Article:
Mindful Break: Meet My Son (15 days old)

21ff76a3-6a13-4709-8450-9697c271c34bOn November 23 at 1:47am, my son Remo Romanelli was born.

As many of you have witnessed before, to see that little human being suddenly appear in the delivery room, all I could think was:


Over the past 12 days, I have spent hours staring at his little toes and fingers and ears and lips that formed on their own in the womb and I thought,


Last night, he lay on my lap and we watched SportCenter together and he lifted his tiny head to stare at me, I thought,


And then, after the 12th consecutive sleepless night, as my wife and I lay awake shaking our heads at the ungodly hour of 3am, I thought to myself,


After doing my best to be supportive of my wife’s 24 hours of labor, I took a taxi home at 5am Sunday morning. It was both the most exhilarated and exhausted I’d ever been… all at once!

I told the taxi driver all about the night and how proud I was of my 6 lb 12 oz bundle of love… AND my wife for laboring for 24 hours!

And the taxi driver, parent of 3, said, “Get ready to be exhausted. You are not going to have anytime to yourself. Kids get sick. They are going to whine. They are going to take everything you have and ask for more.”

And I was thinking to myself, “Geeeez, I’m riding home with the Grinch.”

But then, the taxi driver said, “But you are going to have so much love in your life and it’s all worth it!”

Whether or not you have kids, you know that life is most raw, most awesome, and most wonderful when you are teetering at the edge of ENERGY AND EXHAUSTION, SUCCESS AND FAILURE, HOPE AND DESPAIR.

But you can’t stop digging in and stirring. Because as the taxi driver said, love is what comes from all those emotions.

You need every single one of your losses and failures, wins and triumphs, bad days and bad moods, great days and great moods… to create the alchemy of love.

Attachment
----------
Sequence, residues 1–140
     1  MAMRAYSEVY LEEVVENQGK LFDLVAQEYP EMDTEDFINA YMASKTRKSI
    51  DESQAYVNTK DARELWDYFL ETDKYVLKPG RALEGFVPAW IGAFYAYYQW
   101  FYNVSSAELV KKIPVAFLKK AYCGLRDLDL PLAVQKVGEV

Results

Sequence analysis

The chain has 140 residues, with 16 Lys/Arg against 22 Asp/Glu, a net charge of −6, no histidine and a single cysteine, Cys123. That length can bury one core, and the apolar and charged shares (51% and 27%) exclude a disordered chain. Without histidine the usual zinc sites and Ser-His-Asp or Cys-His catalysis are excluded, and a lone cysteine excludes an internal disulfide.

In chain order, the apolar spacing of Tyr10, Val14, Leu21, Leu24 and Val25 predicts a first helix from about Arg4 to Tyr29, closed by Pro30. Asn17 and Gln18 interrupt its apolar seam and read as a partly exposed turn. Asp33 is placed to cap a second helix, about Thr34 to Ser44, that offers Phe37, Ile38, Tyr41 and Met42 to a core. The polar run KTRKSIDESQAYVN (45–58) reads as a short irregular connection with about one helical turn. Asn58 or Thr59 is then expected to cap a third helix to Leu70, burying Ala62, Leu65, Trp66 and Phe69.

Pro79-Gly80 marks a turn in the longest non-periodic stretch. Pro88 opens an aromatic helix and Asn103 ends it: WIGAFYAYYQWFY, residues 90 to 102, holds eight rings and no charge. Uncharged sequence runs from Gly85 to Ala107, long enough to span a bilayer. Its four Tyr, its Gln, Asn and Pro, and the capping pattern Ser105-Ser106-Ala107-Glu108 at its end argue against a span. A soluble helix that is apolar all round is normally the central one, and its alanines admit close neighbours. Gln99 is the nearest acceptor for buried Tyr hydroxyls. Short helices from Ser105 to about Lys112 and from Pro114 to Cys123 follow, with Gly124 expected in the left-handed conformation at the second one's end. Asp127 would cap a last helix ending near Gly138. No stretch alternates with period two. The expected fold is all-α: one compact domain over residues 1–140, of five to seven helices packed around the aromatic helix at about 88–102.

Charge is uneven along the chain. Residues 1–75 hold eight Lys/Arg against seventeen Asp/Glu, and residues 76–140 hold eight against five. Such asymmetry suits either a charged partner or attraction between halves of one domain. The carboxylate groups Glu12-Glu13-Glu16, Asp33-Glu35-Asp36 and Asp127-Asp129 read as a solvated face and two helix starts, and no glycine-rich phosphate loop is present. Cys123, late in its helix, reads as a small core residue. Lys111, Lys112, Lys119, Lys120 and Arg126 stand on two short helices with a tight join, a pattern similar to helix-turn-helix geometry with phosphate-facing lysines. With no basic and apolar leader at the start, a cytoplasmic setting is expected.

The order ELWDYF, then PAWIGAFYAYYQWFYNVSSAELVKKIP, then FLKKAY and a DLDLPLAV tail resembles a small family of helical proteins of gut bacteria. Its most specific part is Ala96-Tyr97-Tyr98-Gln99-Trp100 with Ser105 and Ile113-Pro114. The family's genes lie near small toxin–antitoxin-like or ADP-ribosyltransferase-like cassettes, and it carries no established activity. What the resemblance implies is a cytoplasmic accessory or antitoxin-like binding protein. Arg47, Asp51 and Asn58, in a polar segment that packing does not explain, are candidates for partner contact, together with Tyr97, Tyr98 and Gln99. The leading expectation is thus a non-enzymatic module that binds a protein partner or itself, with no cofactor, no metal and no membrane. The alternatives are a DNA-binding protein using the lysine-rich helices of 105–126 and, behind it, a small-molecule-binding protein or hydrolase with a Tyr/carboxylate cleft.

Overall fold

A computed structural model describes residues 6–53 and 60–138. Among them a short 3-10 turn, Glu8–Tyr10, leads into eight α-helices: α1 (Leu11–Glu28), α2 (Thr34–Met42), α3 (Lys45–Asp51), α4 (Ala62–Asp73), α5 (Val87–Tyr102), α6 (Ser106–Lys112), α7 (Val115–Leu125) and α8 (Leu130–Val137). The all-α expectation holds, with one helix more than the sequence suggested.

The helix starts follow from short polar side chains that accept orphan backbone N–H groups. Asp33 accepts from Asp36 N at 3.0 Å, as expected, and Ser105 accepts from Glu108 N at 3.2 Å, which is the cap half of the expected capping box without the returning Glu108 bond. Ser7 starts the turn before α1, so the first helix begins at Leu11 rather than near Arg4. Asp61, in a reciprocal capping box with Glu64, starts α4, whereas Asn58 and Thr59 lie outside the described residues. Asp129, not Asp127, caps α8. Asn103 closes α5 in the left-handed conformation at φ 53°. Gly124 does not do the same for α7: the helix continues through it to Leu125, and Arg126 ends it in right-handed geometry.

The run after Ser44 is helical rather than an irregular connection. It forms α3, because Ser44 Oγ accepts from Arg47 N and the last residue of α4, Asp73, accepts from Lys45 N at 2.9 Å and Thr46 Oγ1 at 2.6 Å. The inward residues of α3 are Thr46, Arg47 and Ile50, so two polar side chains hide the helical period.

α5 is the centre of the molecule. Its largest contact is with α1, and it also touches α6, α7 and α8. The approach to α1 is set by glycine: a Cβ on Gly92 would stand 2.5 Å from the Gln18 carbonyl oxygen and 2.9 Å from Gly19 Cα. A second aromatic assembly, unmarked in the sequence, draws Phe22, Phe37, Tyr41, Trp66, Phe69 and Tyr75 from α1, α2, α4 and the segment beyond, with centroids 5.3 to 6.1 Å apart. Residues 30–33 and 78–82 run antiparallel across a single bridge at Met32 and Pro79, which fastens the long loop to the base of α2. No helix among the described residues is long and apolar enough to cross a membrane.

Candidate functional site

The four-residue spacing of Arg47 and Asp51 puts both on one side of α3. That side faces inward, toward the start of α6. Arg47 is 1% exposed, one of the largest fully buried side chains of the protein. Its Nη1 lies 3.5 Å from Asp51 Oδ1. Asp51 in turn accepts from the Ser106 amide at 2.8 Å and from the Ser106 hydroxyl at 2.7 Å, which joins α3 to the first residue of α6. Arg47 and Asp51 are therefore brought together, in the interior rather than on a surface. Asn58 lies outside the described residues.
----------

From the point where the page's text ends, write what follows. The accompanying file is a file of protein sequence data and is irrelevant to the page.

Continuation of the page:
Happier Jump-Starts: Tips For Holiday Decorating

happier-jumpstarts-120714It’s that blessed time of year… the days are shorter, the demands are greater, and P.S., you’re supposed to be super-happy right now, haven’t you heard? If you’re feeling stressed-out by the season, clearly you’re a Scrooge. (Or, you know, human.)

Many people love dressing up their homes for this month of festive holiday cheer, and some do not love it and do it anyway. Here’s our take on sure-fire holiday decor that’s sure to make you happier.

If you love to decorate, do! Does it make you happier? Do you see it as a joyful experience rather than a chore? Then have a blast! And don’t worry about whether it’s all perfect or meets with the neighbors’ approval. Provided that you’re not setting up a neon glo-dome projecting disco lights directly into someone else’s bedroom window, what you do on your property is your business.

If you don’t love to decorate, don’t! There is no law stating that you must decorate for the holidays. Not even if you’re super-religious. Not even if your mother says you should. Not even if Martha Stewart herself appeared to you in a vision to demand that create a table centerpiece out of pinecones, tinsel, and solid-gold acorns. It’s okay. Not everyone likes to deck the halls. Be honest with yourself.